Buddy Cannon was born in Lexington, Tennessee.  He began his diverse career as a songwriter/singer/musician/publisher/producer/label executive in the early 1970s as bass player in Bob Luman’s band, later making the jump to play in Mel Tillis’ band and write for his publishing company.  During their 11 years together, Tillis recorded several of Buddy’s songs, including the chart-topping “I Believe In You.”  Throughout his career, Buddy’s keen song sense has served him well in the studio, helping select and record hit songs for artists ranging from Shania Twain to Kenny Chesney to Willie Nelson, with whom he has written regularly since 2008.  Buddy’s credits as a songwriter include “She’s Not Cryin’ Anymore” by Billy Ray Cyrus, “Look At Us” by Craig Morgan, “I’ve Come To Expect It From You” by George Strait, the Vern Gosdin hits “I’m Still Crazy,” “Set ’Em Up Joe” and “Dream Of Me,” as well as the Sammy Kershaw hits “Anywhere But Here” and “If You’re Gonna Walk, I’m Gonna Crawl.”  “Give It Away” by George Strait was named the 2007 ACM Song and Single of the Year and also the 2007 CMA Song of the Year.



Oklahoma native Toby Keith received his first guitar at age eight.  After high-school graduation, he worked in the oil fields by day and played with his band at night.  In the early ’90s, one of his demo tapes found its way to producer Harold Shedd, who signed him to a deal with Mercury Records.  In 1993 Toby’s solo-written debut single, “Should’ve Been A Cowboy,” reached #1 on the Country chart and would go on to become the most played Country song of the 1990s.  As an artist, he has placed 45 self-penned Top 20 songs on the Billboard charts, including 16 #1s and 17 more in the Top 10.  Among those compositions are “You Ain’t Much Fun,” “How Do You Like Me Now?!,” “You Shouldn’t Kiss Me Like This,” “Beer For My Horses,” “I Love This Bar,” “American Soldier,” “A Little Too Late” and “God Love Her.”  “As Good As I Once Was” was BMI’s 2006 Country Song of the Year.  Among his many awards, he was named BMI’s 2001 Songwriter of the Year, 2004 Writer/Artist of the Year and 2006 Songwriter of the Year.  He was NSAI’s 2003, 2004, 2006 Songwriter/Artist of the Year, as well as that organization’s Songwriter/Artist of the Decade (2000-2009).  He was inducted into the Songwriters Hall of Fame in New York in 2015.



Raised in Nashville, Amy Grant was signed to a record deal at age 16 and was a star by the late ’70s.  Her singer-songwriter fusion of Pop, Rock, Gospel and ’70s Jesus-music created a fresh, new sound that kick-started the Contemporary Christian genre and led to the first Platinum-selling album in the new genre’s history — her 1982 breakthrough, Age to Age.  By the mid-’80s, Amy was reaching Pop audiences with hits such as “Find A Way” and “Lead Me On.”  Her blockbuster 1991 album, Heart in Motion, generated the multi-genre hits “Baby Baby,” “Every Heartbeat,” “Good For Me,” “I Will Remember You” and “That’s What Love Is For.”  Another song from this era, “Place In This World,” written with and performed by, Michael W. Smith, earned the 1992 GMA Song of the Year.  Amy’s catalog also includes the hymnal mainstay “Thy Word,” as well as her signature holiday standard “[Tender] Tennessee Christmas.”  As an artist, she has placed 36 self-penned Top 20 songs on the Billboard and Contemporary Christian music charts, including 12 #1s and 18 more in the Top 10. She was inducted into the Gospel Music Hall of Fame in 2003.  Amy received a star on the Hollywood Walk of Fame in 2006.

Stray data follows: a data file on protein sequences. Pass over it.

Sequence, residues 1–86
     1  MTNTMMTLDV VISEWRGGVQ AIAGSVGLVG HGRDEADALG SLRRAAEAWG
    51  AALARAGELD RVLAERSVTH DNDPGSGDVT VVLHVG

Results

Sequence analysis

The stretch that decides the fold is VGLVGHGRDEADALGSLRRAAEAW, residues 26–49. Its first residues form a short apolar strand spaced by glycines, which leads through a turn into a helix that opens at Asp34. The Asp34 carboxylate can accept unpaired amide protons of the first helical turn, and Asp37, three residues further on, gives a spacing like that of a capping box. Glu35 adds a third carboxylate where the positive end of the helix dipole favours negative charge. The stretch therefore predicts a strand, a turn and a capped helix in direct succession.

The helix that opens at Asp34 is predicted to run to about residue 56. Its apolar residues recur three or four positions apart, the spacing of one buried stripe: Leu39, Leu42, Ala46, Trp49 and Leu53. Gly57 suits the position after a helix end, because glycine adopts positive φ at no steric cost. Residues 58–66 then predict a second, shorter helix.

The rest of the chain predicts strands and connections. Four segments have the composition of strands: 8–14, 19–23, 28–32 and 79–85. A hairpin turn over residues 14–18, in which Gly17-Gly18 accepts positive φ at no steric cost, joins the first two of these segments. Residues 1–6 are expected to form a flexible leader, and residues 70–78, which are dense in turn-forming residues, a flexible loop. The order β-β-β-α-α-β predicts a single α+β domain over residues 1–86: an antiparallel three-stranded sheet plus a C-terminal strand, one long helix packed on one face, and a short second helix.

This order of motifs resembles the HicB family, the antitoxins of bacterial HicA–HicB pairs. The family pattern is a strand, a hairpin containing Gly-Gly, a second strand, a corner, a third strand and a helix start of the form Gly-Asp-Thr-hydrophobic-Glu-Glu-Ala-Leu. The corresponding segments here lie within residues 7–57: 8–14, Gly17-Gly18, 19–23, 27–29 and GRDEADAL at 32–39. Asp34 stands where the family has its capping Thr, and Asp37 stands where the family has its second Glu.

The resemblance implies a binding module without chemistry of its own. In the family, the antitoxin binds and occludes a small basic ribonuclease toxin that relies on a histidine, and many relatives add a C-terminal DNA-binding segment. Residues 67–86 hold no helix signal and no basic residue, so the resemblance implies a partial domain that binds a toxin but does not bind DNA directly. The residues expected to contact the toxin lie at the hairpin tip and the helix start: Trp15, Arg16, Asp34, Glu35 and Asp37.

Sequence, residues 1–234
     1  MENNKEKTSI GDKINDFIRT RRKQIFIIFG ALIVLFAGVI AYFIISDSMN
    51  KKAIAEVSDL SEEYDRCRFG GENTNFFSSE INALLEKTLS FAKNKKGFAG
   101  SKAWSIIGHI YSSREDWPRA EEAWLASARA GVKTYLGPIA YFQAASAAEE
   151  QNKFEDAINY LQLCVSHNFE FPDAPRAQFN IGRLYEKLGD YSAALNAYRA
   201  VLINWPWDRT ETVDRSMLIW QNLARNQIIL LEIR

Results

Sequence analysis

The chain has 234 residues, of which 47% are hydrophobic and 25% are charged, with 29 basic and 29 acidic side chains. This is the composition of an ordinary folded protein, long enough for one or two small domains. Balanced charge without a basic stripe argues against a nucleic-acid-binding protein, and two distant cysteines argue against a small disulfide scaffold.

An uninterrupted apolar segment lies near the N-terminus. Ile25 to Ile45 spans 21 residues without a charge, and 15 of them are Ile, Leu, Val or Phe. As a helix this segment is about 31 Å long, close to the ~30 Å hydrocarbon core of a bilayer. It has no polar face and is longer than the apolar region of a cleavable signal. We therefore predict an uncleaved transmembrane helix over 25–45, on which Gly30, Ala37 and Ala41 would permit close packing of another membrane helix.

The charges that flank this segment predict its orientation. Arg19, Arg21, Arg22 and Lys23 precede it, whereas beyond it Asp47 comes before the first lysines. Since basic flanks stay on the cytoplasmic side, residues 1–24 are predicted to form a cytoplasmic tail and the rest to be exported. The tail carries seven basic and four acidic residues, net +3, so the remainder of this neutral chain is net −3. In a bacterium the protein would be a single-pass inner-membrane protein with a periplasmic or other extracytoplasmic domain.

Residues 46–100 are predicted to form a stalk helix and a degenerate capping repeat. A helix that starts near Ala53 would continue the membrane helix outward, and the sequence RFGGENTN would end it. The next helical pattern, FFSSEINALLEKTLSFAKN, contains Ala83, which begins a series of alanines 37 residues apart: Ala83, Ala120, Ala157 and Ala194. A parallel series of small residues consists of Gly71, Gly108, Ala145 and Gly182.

John Scott Sherrill was raised in Chappaqua, New York, and in Uganda and Bolivia by parents who were book and magazine writers.  Drawn at an early age to Folk, Country and Rock music, he played coffeehouses in Boston and spent time as a musician in Amsterdam.  In 1975, on his way to California, John Scott decided to remain in Music City and soon signed a songwriting deal with Combine Music.  By 1982, he had his first #1 hit – “Wild And Blue” by John Anderson (later recorded by Hank Williams, Jr., Alan Jackson and Lucinda Williams).  Throughout the ’80s and into the 2000’s, John Scott enjoyed more #1 hits: “Some Fools Never Learn” by Steve Wariner, “That Rock Won’t Roll” by Restless Heart, “(Do You Love Me) Just Say Yes” and “Cry, Cry, Cry” by Highway 101, “The Church On Cumberland Road” by Shenandoah, “No Doubt About It” by Neal McCoy, “How Long Gone” by Brooks & Dunn and “Would You Go With Me” by Josh Turner.  Another popular song, “Nothin’ But The Wheel,” was a Top 20 Country hit for Patty Loveless and was also recorded by the Bluegrass band Special Consensus and the Rock duo of Peter Wolf & Mick Jagger.  In the late 1980s, John Scott was a member of the Country group Billy Hill and wrote many of their songs.


Since 1970, the Hall has enshrined more than 200 of the greatest writers from all genres of music ever to put words to music in Music City. For more information visit


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Group photo: (l-r):  Sarah Cates, John Scott Sherrill, Amy Grant, Buddy Cannon, Rhett Akins and Mark Ford. Photo Credit:  Bev Moser